Heatworks Tetra Countertop Dishwasher Now Available to Preorder

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Not much innovation is happening in kitchen appliances nowadays (unless you want wifi connectivity, voice assistant integration or the addition of a unecession screen). That’s why Heatworks’ Tetra countertop dishwasher requiring no plumbing was so exciting when it was first announced… in 2018. Three years later, you can finally preorder one, but the wait isn’t over yet.

Space-saving countertop dishwashers aren’t a new idea, but they’re often more of a hassle than they’re worth, requiring a kitchen faucet to be upgraded with an adapter so that a hot water supply hose can be temporarily plugged in every time you’ve got the dishes to clean. . The Heatworks Tetra eliminates plumbing connections and hoses with a 3-liter water tank that you fill and empty every time you wash a load of dishes – about three sets of plates, cups and cutlery. If you live alone or have a very small family, the Tetra will use less water and power than washing both a large dishwasher and a small number of dishes by hand and rinsing in the sink.

AAll you need to do is free up space on a flat surface such as a counter or table and plug in the dishwasher, but minimal installation requirements are not the only attraction of the Tetra. To heat the water in the reservoir, the dishwasher uses Heatworks’ innovative Ohmic Array technology. Instead of passing current through a submerged heating element that then inefficiently transfers heat energy to water, the Tetra works more like a microwave. Graphite electrodes direct a current through water to excite the minerals it contains, causing the water’s temperature to rise almost instantly. It is a more energyefficient approach, and the technology can accurately control the water temperature all the time. Traditional dishwashers have no way of heating water because instead, they often get it from a house’s gas-fired water heater, but ideally we should all try that reduce our dependence on natural gas also.

The three liter water tank slides in and out for easier filling and emptying.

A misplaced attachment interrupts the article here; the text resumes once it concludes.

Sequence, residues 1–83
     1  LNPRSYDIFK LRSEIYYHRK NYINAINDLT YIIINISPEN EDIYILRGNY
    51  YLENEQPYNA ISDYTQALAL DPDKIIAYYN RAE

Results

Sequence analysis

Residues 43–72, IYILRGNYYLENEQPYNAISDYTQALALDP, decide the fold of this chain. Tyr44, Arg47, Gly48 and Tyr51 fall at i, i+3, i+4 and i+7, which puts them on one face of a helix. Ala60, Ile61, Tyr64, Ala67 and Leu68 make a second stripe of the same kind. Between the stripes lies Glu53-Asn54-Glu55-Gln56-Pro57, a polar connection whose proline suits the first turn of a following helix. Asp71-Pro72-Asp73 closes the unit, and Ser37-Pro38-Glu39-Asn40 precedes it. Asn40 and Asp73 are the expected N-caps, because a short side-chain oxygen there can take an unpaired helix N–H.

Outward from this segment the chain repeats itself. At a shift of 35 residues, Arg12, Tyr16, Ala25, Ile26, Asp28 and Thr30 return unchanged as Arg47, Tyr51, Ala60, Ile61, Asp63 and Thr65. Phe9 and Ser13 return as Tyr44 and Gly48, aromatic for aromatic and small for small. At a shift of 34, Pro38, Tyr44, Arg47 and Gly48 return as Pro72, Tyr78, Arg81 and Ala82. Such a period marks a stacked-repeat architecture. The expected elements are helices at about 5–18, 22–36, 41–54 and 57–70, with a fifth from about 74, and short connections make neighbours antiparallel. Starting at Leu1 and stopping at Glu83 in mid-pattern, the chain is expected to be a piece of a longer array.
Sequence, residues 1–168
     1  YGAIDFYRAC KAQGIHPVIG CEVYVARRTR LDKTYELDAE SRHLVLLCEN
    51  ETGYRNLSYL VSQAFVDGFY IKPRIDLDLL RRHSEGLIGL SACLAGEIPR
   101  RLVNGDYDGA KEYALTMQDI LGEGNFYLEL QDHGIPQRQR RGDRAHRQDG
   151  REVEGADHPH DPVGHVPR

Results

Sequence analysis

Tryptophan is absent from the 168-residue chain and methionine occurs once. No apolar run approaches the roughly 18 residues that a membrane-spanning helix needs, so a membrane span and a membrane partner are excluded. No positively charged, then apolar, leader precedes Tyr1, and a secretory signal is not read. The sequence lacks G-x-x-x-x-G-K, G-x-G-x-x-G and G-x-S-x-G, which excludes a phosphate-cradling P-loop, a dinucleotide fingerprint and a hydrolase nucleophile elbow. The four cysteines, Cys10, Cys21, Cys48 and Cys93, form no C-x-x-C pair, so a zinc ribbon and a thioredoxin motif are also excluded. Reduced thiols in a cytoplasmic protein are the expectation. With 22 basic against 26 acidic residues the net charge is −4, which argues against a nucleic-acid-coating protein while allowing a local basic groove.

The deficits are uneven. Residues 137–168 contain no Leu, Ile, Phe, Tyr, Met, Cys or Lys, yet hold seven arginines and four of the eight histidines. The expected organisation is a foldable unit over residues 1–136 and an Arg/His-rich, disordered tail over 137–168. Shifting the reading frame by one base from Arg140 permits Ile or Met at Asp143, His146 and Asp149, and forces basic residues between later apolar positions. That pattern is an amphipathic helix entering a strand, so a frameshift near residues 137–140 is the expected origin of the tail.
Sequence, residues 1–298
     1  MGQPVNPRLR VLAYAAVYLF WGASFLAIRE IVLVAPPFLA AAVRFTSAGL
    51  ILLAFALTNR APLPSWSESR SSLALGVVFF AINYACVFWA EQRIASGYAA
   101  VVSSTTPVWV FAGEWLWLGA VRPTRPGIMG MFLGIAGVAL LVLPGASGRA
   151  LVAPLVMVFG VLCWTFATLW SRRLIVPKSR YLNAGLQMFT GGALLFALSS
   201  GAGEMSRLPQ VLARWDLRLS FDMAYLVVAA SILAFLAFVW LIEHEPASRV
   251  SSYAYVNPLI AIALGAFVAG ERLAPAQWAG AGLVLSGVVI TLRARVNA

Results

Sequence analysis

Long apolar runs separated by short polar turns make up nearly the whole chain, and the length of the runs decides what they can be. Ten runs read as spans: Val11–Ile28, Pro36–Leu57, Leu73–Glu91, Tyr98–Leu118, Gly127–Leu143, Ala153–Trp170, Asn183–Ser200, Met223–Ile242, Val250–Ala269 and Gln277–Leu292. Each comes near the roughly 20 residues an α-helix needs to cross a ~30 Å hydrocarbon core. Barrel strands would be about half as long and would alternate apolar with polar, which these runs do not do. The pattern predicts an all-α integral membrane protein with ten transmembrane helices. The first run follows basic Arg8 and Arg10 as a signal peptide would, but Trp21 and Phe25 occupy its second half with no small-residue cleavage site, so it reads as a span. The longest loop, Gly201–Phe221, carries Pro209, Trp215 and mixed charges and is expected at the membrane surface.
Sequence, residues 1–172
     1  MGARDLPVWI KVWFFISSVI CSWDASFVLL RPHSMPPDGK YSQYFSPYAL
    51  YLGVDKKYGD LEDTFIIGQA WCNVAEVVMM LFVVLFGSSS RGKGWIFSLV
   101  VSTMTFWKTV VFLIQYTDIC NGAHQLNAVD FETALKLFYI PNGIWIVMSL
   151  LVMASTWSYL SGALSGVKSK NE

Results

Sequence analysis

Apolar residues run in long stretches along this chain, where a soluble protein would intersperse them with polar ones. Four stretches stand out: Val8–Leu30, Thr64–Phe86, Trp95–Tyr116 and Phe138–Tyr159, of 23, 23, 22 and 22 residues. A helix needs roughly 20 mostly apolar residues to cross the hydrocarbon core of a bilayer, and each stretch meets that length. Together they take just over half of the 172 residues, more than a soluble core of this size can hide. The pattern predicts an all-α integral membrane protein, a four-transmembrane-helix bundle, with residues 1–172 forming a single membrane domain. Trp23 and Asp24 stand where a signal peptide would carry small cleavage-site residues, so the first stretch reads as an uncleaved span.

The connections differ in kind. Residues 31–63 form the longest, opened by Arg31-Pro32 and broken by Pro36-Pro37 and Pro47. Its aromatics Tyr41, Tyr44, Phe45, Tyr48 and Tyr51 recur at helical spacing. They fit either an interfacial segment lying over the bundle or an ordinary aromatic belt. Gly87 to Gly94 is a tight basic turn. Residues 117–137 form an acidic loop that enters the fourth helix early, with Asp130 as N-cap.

The three liter water tank slides in and out for easier filling and emptying.
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Heatworks claims that the Tetra “cleans 50% more dishes with 40% less water in 55% of the time than the leading brand of dishwasher”, but that also depends on how often and how full you use your dishwasher. The shortest cleaning cycle takes less than an hour to clean and dry dishes, while the standard mode pushes the cycle up to just over an hour before everything is ready for storage. It’s not as fast as the 10-minute wash cycle originally touted along with the dishwasher a few years ago, but its compact size and minimal water consumption undoubtedly still have an advantage if you live alone or with a single roommate. Heatworks promises the Tetra can be used for other purposes too given how accurately it can control water temperature, such as sterilizing baby bottles and children’s toys, washing clothes, or even cooking foods like fish. Be careful in which order you do all those things.

The Tetra is finally available for preorder today from The Heatworks website for $400, but that’s a discounted price for early birds; the full sale price will be $500. It’s definitely a more expensive alternative to existing countertop dishwashers that usually cost closer to $300, and you’ll have to factor in the cost of Tetra’s proprietary detergent cartridges, at. While Heatworks promises the cartridges contain concentrated cleaners to help reduce packaging waste and allow the machine to create custom mixes of soap and rinse aid on-the-fly for optimal cleaning, after about 20 or so, you’ll still need to order replacements directly from the company. loads.

The price will be about 30 cents per wash, or about $6 per cartridge, which is slightly more expensive than buying a bulk container of dishwasher tablets. A companion app provides advanced reminders when the current cartridge is running low, so that users can easily redoorder replacements, but as anyone who struggles with inkjet printers and ink cartridges knows, there’s always the chance you’ll run out of detergent at the wrong time, and you can’t just run to the grocery store to get some. That might be a deal breaker for some, but for those who don’t have room for a full-sized dishwasher in their kitchen, removing washing dishes from the daily to-do list can be a minor inconvenience.

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